07 March 2015

So What Was on Hitler's Mind as an Art-Plunderer?

by Ori Z Soltes

For many readers of this blog, these observations may not be new, but for others they may provide food for thought. Those with historical awareness recognize that the Nazis more often than not didn't invent new ideas; they adopted old ones and innovated as they adapted them to their needs. 

Thus, for instance, at least as far back as the Fourth Lateran Council, in 1215, in which the 67th through the 70th canons dealt with the Jews, the idea was promoted in Christendom, and well-followed in parts of the realm, that Jews be rendered readily distinguishable from their good Christian neighbors by special clothing, or special marks--a yellow circle, for instance--on t heir clothing. Thus the eventual ubiquity that Jews across Nazi-controlled Europe wear yellow six-pointed stars was innovative in its details but not in its fundamental conception.

And the French created the first camps into which those guilty of no crime but who somehow should not be allowed to run around freely might be concentrated in the context of the Spanish Civil War. Too many Spaniards coming over the Pyrenees in 1938-9 (the infamous Retirada) made the prevailing French government uncomfortable and a mechanism that was, as it were, extra-legal had to be created to assuage that discomfort. The Nazis not only created a much wider system of concentration camps, but further enhanced the idea by designating some of them as slave-labor camps--and others as extermination camps.

And so with the issue of Nazi plunder, of cultural and other property--but particularly of cultural property--the historical precedents were many and some of the underlying reasons very familiar, but the shape of the plundering process was, again, innovative.
Lucius Mummius
One might begin by asking about those underlying reasons. Plundering the art of one's defeated enemies is one way of showing one's military and political success over them. But when Lucius Mummius, the Roman general--the first art plunderer whom we can identify by name--returned from his military success in subduing the Greeks at Corinth in 146 BCE, he carted piles of Greek statues back to Rome. The fourth-century CE Roman historian, Eutropius, informs us, with an amused tone, that Lucius took out an insurance policy on his plunder, and that the contract stipulated that, should any of the sculptures be damaged in transit, the company would supply the general with compensatory pieces equal in weight to those that were damaged.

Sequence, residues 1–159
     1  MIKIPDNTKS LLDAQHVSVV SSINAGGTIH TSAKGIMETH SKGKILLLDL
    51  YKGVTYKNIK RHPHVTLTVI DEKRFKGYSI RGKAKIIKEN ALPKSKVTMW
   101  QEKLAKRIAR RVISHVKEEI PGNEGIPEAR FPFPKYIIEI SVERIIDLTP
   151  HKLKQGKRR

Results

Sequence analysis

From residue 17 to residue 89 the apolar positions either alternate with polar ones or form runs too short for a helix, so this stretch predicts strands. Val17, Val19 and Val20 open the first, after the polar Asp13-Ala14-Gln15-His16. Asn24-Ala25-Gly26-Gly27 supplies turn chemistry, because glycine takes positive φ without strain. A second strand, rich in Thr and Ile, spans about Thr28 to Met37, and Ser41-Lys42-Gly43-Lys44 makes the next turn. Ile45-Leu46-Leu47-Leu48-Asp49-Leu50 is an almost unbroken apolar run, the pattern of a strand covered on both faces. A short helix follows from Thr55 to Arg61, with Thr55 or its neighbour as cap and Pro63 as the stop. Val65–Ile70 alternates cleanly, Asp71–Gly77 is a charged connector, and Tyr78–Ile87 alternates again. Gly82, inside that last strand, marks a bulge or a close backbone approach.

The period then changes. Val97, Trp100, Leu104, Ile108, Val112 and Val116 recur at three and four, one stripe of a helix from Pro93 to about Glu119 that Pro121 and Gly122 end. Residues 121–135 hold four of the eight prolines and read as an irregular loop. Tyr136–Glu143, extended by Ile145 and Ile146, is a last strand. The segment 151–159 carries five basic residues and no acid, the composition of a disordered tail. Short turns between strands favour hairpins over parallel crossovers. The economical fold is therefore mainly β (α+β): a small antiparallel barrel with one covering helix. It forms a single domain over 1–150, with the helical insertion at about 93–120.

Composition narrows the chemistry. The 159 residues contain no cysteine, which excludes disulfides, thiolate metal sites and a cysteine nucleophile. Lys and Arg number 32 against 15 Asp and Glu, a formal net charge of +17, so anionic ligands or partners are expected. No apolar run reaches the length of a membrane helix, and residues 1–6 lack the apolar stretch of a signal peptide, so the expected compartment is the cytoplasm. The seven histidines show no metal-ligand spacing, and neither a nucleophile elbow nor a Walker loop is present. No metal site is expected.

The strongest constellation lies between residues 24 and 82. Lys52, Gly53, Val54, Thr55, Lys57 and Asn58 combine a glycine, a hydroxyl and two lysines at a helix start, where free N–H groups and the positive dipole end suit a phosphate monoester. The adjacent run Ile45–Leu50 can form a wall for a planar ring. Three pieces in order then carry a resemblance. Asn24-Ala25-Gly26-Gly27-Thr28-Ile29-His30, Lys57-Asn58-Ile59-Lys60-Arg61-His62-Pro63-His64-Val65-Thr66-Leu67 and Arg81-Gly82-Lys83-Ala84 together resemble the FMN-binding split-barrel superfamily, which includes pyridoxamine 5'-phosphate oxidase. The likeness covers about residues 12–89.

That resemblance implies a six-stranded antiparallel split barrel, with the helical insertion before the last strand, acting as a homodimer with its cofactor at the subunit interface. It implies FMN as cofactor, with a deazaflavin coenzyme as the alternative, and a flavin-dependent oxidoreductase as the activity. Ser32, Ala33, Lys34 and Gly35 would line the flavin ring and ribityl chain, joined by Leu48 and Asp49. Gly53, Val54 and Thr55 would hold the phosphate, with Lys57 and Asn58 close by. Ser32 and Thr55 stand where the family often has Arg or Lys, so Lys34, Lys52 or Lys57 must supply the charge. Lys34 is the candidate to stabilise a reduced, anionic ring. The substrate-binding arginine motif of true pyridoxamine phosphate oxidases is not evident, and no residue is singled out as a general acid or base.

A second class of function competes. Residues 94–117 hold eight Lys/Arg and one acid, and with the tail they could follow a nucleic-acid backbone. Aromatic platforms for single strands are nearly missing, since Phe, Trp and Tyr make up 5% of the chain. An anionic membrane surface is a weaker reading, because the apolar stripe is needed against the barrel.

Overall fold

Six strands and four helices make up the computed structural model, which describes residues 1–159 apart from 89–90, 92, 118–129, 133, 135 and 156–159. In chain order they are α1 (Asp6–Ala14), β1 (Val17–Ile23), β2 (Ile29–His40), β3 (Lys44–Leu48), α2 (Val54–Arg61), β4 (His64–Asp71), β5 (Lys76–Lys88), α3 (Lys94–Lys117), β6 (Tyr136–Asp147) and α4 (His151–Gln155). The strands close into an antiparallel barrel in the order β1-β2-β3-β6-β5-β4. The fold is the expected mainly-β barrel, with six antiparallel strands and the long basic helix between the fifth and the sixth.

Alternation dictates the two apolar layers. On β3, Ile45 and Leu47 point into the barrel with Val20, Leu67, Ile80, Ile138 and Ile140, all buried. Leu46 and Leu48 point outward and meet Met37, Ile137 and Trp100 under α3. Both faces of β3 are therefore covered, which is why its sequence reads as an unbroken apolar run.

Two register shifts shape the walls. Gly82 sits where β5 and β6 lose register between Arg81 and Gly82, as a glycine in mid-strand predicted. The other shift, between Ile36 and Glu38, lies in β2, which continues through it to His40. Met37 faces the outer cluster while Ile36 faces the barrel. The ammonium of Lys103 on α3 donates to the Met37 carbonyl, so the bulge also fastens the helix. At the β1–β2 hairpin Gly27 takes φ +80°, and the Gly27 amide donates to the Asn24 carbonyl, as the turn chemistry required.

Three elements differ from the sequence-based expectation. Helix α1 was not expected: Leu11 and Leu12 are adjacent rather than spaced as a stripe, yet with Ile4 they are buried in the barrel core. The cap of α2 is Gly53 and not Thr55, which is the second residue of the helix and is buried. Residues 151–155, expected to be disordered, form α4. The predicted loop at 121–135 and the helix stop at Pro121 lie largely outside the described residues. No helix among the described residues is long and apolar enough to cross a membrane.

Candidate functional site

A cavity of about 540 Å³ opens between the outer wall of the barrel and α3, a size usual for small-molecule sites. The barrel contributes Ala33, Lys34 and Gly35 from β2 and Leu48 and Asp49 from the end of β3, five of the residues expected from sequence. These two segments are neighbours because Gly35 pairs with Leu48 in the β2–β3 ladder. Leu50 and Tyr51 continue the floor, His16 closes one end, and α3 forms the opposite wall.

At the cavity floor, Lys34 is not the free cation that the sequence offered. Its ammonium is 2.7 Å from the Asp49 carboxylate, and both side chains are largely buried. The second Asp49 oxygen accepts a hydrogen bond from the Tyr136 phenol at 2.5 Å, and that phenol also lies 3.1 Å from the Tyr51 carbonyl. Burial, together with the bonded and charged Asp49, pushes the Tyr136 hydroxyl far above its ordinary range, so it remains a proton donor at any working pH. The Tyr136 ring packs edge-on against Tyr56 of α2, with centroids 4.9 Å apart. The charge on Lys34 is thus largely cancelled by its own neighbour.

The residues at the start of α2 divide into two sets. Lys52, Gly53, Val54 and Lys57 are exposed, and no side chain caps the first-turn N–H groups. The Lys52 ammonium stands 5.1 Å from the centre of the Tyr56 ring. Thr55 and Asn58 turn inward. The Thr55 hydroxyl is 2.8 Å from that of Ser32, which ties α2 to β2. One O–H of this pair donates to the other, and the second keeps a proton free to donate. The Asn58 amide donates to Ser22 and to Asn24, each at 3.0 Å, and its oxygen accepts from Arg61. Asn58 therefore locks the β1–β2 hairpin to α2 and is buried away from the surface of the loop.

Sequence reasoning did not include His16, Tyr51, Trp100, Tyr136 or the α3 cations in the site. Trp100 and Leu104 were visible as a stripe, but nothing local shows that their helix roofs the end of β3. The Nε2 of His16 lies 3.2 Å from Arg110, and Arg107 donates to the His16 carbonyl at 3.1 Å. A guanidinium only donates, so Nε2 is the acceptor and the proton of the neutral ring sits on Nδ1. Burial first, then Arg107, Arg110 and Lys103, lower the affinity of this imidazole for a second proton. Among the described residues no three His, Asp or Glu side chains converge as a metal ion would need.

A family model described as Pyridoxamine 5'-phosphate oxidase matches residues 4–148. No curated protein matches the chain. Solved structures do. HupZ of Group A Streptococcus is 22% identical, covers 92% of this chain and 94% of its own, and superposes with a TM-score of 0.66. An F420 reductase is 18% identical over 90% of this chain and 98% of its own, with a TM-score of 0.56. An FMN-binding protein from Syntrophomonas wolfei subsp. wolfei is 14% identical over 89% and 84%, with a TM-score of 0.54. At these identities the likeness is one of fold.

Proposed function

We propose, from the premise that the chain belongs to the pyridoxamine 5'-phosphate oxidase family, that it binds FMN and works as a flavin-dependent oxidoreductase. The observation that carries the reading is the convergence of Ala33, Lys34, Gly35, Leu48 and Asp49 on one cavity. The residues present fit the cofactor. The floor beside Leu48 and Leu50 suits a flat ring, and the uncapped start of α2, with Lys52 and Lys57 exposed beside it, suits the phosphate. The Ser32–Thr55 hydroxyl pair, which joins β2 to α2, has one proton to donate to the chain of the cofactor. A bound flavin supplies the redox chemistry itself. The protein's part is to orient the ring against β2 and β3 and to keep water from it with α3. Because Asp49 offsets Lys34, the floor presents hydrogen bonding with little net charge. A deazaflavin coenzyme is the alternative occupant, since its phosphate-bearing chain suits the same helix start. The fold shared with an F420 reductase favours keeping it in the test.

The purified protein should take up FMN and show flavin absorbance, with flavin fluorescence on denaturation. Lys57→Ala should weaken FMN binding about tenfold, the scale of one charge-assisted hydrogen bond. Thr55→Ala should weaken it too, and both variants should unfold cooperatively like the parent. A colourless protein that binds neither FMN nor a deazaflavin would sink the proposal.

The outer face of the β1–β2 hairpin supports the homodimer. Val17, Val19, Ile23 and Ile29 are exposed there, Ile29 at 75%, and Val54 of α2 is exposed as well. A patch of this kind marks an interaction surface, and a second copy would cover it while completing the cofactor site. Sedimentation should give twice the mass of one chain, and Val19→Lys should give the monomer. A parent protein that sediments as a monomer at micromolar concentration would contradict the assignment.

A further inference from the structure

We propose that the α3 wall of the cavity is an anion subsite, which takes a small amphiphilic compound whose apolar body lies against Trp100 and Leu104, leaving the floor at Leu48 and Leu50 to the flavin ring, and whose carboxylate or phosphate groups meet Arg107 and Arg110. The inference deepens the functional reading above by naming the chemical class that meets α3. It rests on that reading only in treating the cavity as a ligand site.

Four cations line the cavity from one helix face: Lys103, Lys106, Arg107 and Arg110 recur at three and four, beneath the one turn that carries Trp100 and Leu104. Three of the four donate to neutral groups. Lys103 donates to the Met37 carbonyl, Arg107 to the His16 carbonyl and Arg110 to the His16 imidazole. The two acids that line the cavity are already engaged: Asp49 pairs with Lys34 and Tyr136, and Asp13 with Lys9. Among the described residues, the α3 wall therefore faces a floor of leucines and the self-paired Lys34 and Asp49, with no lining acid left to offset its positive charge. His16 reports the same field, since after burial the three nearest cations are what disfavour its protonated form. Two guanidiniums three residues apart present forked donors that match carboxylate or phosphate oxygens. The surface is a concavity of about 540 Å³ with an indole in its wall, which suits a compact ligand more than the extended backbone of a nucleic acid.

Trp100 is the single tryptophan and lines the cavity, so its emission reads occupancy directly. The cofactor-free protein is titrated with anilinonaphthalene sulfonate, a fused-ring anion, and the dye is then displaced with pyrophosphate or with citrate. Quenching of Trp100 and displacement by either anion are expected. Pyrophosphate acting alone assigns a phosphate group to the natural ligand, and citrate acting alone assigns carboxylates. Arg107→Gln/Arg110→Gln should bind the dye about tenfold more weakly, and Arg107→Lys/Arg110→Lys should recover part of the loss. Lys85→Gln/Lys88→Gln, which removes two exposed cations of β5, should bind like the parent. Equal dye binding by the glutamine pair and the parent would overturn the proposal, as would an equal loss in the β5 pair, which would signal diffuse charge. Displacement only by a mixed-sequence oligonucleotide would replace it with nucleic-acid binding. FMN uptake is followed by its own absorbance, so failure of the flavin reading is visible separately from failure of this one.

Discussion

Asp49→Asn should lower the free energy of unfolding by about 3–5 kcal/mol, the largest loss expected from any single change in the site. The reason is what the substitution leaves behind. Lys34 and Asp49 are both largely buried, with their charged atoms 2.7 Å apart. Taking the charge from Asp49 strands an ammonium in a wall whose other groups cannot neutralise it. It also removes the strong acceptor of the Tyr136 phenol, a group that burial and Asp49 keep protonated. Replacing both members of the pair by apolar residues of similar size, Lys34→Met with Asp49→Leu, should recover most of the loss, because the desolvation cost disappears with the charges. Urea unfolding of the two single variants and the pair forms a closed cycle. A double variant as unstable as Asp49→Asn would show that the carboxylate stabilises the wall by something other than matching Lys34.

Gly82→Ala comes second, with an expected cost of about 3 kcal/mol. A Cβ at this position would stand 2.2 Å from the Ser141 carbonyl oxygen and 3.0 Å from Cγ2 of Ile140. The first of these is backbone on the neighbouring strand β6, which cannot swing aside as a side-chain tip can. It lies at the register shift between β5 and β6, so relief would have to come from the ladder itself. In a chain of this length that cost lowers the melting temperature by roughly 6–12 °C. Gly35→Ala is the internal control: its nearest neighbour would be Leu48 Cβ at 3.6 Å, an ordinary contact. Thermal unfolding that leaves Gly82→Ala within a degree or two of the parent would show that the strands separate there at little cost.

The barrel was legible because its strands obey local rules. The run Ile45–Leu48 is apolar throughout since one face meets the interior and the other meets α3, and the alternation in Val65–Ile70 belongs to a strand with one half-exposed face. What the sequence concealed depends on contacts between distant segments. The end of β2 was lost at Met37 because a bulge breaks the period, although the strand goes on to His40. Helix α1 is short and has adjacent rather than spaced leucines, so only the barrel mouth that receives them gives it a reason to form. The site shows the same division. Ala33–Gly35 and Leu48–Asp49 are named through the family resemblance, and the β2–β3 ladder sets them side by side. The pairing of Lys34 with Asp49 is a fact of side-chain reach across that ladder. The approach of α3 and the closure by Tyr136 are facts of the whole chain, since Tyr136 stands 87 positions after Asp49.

If Eutropius' amusement derives from his recognition that Lucius was an ignorant boor who had no concept of the intrinsic value of art, we might recognize that the purpose of acquiring his horde was precisely to show his friends and neighbors back home that he was not a boor, or a destructive savage, but a cultured man, who, while successful at his business of fighting and killing, appreciated the fine things wrought by human mind and hand.

We may see this intention emulated down through the centuries, arriving at an exalted destination in the far-reaching plunder of Napoleon, who brought back art from Egypt, and from Rome that had been taken by the Romans from Egypt, as he also did from other parts of Italy and from Spain and Germany and the Hapsburg domains. The Nazis followed this lead, eager to show how civilized they were. Even before they began to expand their plundering activities beyond their borders, they were determined to underscore this point by organizing a large exhibition of "true" art that ran virtually side-by-side with an exhibit of "degenerate" art. If the Nazis were consummately civilized, those who made and patronized the likes of Picasso and Matisse or anything abstract or connected to Jews, were surely barbaric. (Even an admired painter like Rembrandt, when he painted a work like "the Jewish Bride" slipped from his pedestal.)

Part of the Nazi innovation, of course, was to begin the plunder before there was a war outside their borders from their own citizens: barely was Hitler in position as Chancellor and his henchmen were forcing Jews to give up their collections--forced sales, mind you, nothing that could be legally called plundered--as gradually, over the next few years, Jews (and others) would be deprived of a range of citizenship rights before they began to be concentrated, for their own "protection" into designated camps, and before they would be deprived of their lives.

A second innovation, once the plundering process began to gain momentum, both within Germany and outside it--once the war itself officially began and countries beyond Germany either embraced (Austria, for example) or succumbed (Western Europe, for instance) to German arms--was the elaborate and systematic, multi-leveled program devoted simply to plunder. Thus on the one hand, with the Anschluss into Austria (March 1938), a program was implemented that required Jews--or anyone with even a vaguely Jewish relative--to fill out property-census forms. These listed everything they owned, from jewelry, silverware and furniture to drawings, paintings, and statues.